Monday, June 29, 2015

winding yarn

Make a small snip in the end of a toilet roll

Tie a knot in the end of yarn

place knot into cut on toilet roll



Slide your thumb inside the tube, and hold the yarn in place with your finger as shown.


Begin winding your yarn.

 Wind it three times around the tube. See the way the yarn runs diagonally across the tube? Look carefully... it is moving up and to the left. This is intentional.

Tug gently on the yarn, and let the tube rotate a little on your thumb. Allow it to make about 1/4 turn, and then wind diagonally three more times.


Again tug gently on the yarn, and let the tube rotate a little on your thumb. Allow it to make about 1/4 turn, and then wind diagonally three more times.

 Keep going... wind, wind, wind, tug... wind, wind, wind, tug... wind, wind, wind, tug... I find it easier to hold the yarn still in my left hand, and wind the tube around the yarn. Probably sounds crazy... but that's what works for me!



See the way I am always moving the yarn diagonally across the ball...


Continue in this manner until done. Once you develop your own technique, you will find that the tube moves easily in your hand, and you no longer consciously turn it. It feels a bit awkward at first... but persist with it until you work out a rhythm... it really is easy!



Tuck the end of your yarn under a couple of strands to secure (but not hide) it.



Free the knot from the snip at the end of the tube.


Carefully slide the ball from the cardboard.


Squish the sides of the ball to ease the tension on your yarn.


Ta-da! Tuck the centre yarn end inside the ball. Leave the knot there... it will make the centre end easy to locate when you are ready to use the ball.

thanks to the purple goldfish for the photos and tutorial

 

Fermented Radishes

If you don’t love radishes . . .

This recipe just might change your mind! Fermenting radishes takes some of the “bite” out of their flavor, replacing it with a slightly garlicky tang. Both of my kids have been known to ask for second and third helpings when this dish makes it to our dinner table, so give it a try!


Fermented Garlicky Radishes

Ingredients
  • 3 1/2 cups radishes, sliced
  • 2-3 garlic cloves, peeled
  • 3 tablespoons unrefined sea salt
  • 4 cups filtered water
Equipment
  • 1½ quart jar with airlock OR a 1½ quart jar with tight fitting lid
  • a weight to keep the radishes beneath the salt brine – I use a glass weight that came with my airlock jar but a plastic lid that fits inside the mouth of the jar or a stone that has been boiled and allowed to cool will work, too
  • a kitchen towel
Instructions
  1. Thoroughly wash and dry your jar and lid before getting started.
  2. Prepare your salt brine by mixing the salt and water together and stirring until dissolved.
  3. Pack radishes and garlic into your fermenting jar.
  4. Pour salt brine over the radishes until completely covered, leaving at least one inch of space between the top of the brine and the lid.
  5. Place a weight inside the mouth of the jar to keep your radishes under the brine. Cover tightly and set up the air lock if you’re using one.
  6. Drape jar with a towel and let radishes sit on your counter for 3-7 days, depending on how sour you like them.* When they’ve reached the level of sourness you like remove the weight from inside the jar and transfer to the fridge.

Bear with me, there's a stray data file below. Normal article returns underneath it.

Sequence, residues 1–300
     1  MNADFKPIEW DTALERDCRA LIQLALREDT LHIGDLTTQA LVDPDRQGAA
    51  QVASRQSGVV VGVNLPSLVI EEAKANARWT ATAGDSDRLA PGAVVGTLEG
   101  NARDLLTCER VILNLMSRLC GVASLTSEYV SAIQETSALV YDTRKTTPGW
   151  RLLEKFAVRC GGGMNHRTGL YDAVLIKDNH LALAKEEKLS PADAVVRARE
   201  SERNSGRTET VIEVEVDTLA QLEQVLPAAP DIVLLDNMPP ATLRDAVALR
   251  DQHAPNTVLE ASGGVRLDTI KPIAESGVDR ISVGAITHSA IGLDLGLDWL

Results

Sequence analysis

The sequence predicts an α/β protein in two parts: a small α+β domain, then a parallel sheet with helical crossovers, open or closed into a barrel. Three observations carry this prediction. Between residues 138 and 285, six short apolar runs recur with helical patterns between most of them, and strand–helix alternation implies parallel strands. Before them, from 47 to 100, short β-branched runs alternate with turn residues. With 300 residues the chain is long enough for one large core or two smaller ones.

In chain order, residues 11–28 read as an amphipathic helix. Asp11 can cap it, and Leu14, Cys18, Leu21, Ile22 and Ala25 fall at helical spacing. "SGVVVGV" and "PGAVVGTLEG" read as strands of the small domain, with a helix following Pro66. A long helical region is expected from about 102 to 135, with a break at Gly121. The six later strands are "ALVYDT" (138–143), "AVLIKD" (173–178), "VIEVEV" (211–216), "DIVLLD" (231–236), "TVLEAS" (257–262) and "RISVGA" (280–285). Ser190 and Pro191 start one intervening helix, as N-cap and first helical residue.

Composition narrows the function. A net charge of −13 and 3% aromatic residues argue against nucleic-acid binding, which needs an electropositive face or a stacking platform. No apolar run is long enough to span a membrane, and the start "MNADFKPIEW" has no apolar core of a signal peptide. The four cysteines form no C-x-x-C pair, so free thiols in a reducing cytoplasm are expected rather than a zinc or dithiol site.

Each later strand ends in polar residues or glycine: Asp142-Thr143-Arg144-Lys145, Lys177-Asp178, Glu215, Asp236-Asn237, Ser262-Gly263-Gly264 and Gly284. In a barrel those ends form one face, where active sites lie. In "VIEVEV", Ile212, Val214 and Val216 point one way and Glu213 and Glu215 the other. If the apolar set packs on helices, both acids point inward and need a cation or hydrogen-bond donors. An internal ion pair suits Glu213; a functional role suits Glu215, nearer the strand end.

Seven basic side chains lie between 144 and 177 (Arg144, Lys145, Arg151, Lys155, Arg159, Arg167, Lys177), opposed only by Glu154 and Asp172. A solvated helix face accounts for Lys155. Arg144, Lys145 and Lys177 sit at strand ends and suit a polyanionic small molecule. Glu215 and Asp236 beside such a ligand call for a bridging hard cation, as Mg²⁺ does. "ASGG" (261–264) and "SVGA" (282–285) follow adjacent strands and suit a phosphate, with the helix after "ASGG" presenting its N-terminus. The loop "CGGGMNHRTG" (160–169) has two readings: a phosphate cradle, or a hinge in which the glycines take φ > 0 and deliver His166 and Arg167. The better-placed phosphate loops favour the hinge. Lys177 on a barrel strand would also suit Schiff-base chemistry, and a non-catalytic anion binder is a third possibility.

* If you’re using a jar without an airlock you will need to “burp” your jars periodically, otherwise carbon dioxide levels can build up within your jar and cause it to explode.  Check the metal lid every day – if you can’t push it down simply unscrew the lit a bit and then immediately tighten it back down. Using an airlock which allows the gases to release eliminates the need to burp your jars.

5 Simple Tips to Transition to a Paperless Kitchen



 Stock up on enough cloths to replace napkins and paper towels.

 You want to make sure you have enough cloths that you aren’t doing laundry everyday.  I’m not doing more laundry than I was before.  I just throw the cloths in with the rest of the towels I’m washing anyway.  We have 20+ cloth napkins on hand.  I didn’t buy them all at once.  I got a whole bunch are random napkins   It doesn't matter  that they don’t all match, in fact I kind of love that they don’t.  You can pick up cloth napkins whenever you see them on sale to start your collection. Great stores to get for great prices, especially if you find sales, are Target and even op shops

 

Have all your cloths in a convenient place.

Our cloth napkins are in a basket on our dining table.  In my eyes, it looks fine for everyday use.  If we are entertaining, it’s easy enough to put away and replace with a nice centerpiece.

 

two cookie jars and put them by the sink, within arm’s reach. In one are the cloths designated for drying food, and in the other are the cloths designated for wiping up spills.  Having these in a convenient place is key.  You don’t want this process to be less convenient than using paper products.

 

 The two other types of cloths we have are for hand drying and dish drying.  Those are kept on separate sides in a drawer by our sink.  One hand drying cloth is kept on the dishwasher handle, used for drying clean hands, and is replaced each day.  The dish-drying towels are kept in the drawer until needed.

 

 

Tuesday, June 23, 2015

Light switch cover upgrade

remove the light switch covers
find frames that will fit the covers
paint the  covers and frames the same colour
re attach to the wall
GORGEOUS !!!!

coffee pod racks

want to know what to do with those stupid coffee pod racks well this is a pretty good idea and a pretty cool way to store eggs